On 20 July 1888, after 22 days at sea and 3000 miles, the yacht Casco dropped anchor in Anaho Bay in Nuka Hiva, the largest of the Marquesas Islands. All RLS’s literary energies were devoted to his journal, The Cruise of the Casco, which has never been fully published. From it he later quarried Parts I and II of the South Seas Letters syndicated by McClure in 1891 and posthumously published in 1896 as In the South Seas.
[For correct and critical edition of this letter, see Mehew 6, 2106.]
To Sidney Colvin [Colvin 1911, 3, p. 76]
Yacht Casco, Anaho Bay, Nouka Hiva,
Marquesas Islands [28 July 1888]
My dear Colvin,
From this somewhat (ahem) out of the way place, I write to say how d’ye do.
It is all a swindle: I chose these isles as having the most beastly population, and they are far better, and far more civilised than we.
I know one old chief Ko-o-amua, a great cannibal in his day, who ate his enemies even as he walked home from killing ’em, and he is a perfect gentleman and exceedingly amiable and simple-minded: no fool, though.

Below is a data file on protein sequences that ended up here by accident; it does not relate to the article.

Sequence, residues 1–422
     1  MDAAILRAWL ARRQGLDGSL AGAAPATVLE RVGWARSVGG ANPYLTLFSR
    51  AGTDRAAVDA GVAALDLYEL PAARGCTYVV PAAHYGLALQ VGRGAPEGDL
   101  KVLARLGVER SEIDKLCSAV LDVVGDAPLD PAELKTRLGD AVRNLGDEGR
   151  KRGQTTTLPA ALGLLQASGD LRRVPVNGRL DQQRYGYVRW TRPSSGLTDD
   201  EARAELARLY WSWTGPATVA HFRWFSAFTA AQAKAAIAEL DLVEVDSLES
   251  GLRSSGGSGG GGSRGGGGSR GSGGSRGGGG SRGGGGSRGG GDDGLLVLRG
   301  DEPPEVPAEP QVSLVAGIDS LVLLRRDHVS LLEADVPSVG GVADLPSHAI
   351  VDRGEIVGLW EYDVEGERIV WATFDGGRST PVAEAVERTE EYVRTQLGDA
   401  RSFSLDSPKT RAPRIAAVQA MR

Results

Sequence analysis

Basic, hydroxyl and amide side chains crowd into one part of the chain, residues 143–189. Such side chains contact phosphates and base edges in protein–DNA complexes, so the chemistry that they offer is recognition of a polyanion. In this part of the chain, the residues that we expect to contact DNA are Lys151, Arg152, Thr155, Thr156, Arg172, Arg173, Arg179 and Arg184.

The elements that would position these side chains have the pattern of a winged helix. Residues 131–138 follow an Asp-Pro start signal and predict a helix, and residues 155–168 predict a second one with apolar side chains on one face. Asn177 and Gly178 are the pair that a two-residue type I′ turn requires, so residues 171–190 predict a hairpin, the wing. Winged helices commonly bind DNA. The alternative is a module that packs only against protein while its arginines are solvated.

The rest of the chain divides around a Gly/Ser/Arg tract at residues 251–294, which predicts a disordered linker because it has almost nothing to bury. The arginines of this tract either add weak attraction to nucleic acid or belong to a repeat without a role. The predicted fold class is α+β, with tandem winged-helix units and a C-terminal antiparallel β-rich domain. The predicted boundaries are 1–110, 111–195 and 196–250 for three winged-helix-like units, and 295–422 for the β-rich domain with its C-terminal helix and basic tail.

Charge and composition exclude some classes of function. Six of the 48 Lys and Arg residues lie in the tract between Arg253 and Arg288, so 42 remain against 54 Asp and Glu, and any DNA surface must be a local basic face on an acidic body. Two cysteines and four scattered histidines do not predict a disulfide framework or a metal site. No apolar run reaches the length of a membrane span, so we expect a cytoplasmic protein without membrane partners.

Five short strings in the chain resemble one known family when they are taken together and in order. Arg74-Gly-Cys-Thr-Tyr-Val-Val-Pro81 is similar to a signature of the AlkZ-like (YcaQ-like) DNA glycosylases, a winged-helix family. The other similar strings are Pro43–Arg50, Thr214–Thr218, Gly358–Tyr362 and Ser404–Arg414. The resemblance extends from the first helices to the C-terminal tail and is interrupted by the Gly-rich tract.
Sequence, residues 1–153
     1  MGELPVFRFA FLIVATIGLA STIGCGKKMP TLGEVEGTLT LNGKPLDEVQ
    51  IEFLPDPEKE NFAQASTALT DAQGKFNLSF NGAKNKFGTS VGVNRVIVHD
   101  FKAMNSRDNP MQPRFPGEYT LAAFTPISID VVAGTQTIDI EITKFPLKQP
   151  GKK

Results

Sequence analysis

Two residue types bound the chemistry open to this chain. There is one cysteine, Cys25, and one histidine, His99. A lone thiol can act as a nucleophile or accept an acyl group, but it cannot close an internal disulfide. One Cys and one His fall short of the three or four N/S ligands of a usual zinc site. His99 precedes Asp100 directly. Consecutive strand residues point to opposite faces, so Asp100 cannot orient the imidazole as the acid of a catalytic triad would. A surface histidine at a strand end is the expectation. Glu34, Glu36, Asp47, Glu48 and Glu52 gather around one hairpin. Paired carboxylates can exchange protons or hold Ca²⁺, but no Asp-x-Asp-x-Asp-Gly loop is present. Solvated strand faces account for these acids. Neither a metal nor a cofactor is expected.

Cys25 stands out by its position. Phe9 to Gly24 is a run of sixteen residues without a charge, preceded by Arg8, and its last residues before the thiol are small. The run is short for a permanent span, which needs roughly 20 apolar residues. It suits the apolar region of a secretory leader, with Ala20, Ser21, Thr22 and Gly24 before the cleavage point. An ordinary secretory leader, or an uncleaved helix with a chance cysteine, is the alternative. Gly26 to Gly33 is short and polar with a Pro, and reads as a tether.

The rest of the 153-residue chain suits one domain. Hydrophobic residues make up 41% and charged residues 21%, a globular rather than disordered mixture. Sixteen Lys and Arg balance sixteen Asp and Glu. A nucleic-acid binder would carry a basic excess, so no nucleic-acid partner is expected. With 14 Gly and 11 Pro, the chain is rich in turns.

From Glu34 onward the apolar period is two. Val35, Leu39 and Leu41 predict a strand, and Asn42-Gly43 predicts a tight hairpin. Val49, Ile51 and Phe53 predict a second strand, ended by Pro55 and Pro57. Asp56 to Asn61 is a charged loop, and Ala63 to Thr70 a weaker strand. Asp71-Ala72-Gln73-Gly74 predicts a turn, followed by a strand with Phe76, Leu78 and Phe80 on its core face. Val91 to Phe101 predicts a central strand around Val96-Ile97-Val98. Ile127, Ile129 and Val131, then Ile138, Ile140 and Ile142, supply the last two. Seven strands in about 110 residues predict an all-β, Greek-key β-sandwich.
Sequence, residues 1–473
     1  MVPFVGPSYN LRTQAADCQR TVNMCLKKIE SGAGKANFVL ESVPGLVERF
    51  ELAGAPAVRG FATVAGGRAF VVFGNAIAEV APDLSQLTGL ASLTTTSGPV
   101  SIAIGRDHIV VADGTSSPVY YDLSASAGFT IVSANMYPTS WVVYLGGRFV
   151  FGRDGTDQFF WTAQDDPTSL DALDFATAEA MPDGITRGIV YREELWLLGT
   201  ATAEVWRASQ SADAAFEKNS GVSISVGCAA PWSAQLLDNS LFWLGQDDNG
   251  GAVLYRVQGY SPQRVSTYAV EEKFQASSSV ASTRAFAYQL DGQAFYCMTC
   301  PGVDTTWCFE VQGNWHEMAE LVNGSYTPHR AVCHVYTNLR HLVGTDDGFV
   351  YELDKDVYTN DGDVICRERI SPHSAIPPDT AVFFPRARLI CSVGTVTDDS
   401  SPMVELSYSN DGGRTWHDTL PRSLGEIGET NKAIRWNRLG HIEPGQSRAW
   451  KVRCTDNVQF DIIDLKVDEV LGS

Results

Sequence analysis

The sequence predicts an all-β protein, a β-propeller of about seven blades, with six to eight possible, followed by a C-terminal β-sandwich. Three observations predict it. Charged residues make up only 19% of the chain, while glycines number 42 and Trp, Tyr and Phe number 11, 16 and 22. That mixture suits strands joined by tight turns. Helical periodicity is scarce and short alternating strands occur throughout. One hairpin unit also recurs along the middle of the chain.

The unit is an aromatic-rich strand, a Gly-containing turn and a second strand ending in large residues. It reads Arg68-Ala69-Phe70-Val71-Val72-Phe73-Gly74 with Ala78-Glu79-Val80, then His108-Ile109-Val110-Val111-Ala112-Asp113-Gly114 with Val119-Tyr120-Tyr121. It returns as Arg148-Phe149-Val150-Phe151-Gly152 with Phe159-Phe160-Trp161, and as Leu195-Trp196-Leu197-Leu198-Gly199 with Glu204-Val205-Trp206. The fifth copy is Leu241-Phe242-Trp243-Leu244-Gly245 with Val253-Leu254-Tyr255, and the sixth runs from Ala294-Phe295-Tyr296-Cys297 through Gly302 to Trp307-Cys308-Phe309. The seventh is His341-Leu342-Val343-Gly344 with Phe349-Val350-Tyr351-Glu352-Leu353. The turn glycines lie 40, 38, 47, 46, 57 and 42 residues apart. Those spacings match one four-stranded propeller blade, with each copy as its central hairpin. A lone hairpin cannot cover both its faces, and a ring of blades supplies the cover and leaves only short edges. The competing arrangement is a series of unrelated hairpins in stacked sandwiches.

The climate is delightful; and the harbour where we lie one of the loveliest spots imaginable.
Yesterday evening we had near a score natives on board; lovely parties. We have a native god; very rare now. Very rare and equally absurd to view.
This sort of work is not favourable to correspondence: it takes me all the little strength I have to go about and see, and then come home and note, the strangeness around us. I shouldn’t wonder if there came trouble here some day, all the same. I could name a nation that is not beloved in certain islands –
and it does not know it! Strange: like ourselves, perhaps, in India!
Love to all and much to yourself.